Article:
the hawk’s eyes now, dim that it is dark, so the quail sings
鷹の目も今 や暮れぬと 鳴く鶉
taka no me mo / ima ya kurenu to / naku uzura
Early in 1691 Matsuo Bashō stayed for a time in Saga (southern Japan, near Nagasaki), with his disciple Mukai Kyorai, who like Bashō had been born into a Samurai family. In late fall or early winter, he returned to Edo to stay in his third banana hut. The anthology, Monkey’s Raincoat (Sarumino 猿蓑) is published.
Another Hawk haiku
In 1678, on a visit to the Atsumi peninsula and Cape of Irago (Iragosaki), Basho wrote this haiku:
By a stroke of luck, I saw
A solitary hawk circling
Above Iragosaki (Cape Irago)
taka hitotsu mitsukete ureshi Iragosaki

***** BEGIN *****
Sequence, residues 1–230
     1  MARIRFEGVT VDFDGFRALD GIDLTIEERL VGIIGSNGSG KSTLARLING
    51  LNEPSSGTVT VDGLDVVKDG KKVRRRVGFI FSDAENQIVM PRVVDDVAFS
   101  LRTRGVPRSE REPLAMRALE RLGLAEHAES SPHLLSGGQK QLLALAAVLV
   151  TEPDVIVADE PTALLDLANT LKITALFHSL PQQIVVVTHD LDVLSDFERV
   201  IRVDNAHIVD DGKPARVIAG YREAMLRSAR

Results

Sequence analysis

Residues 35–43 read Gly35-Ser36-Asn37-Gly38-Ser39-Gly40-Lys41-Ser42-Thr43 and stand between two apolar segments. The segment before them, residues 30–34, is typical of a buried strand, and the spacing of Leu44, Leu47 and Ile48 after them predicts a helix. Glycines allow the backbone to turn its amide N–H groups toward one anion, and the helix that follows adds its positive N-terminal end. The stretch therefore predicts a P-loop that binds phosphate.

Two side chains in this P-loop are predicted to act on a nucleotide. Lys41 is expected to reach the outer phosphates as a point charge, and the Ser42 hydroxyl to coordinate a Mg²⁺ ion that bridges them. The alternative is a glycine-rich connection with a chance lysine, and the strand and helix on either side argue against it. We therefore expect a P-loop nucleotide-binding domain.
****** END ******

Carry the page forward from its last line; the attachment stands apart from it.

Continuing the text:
Notes on translation of a Quail Sings
Line one. Taka no me mo, literally the “Hawk eyes now”.
Hawks have excellent eyesight. They can see 8 times better than we be-speckled humans. But like humans, the hawk’s vision dims in the night. And the quail hiding in the tall grass during the day, waits until it is dark, to sing.
Line two. Ima ya kurenu to. Ima, now, Kurenu, that it gets dark, also meaning to come to an end. The hawk’s hunting must end for the quail to sing.
Line three. Naku uzura. The quail (uzura), it sings, it cries, its voice resounds now that the hawk is in its nest. Naku also means to sob, which is what the hawk must me doing.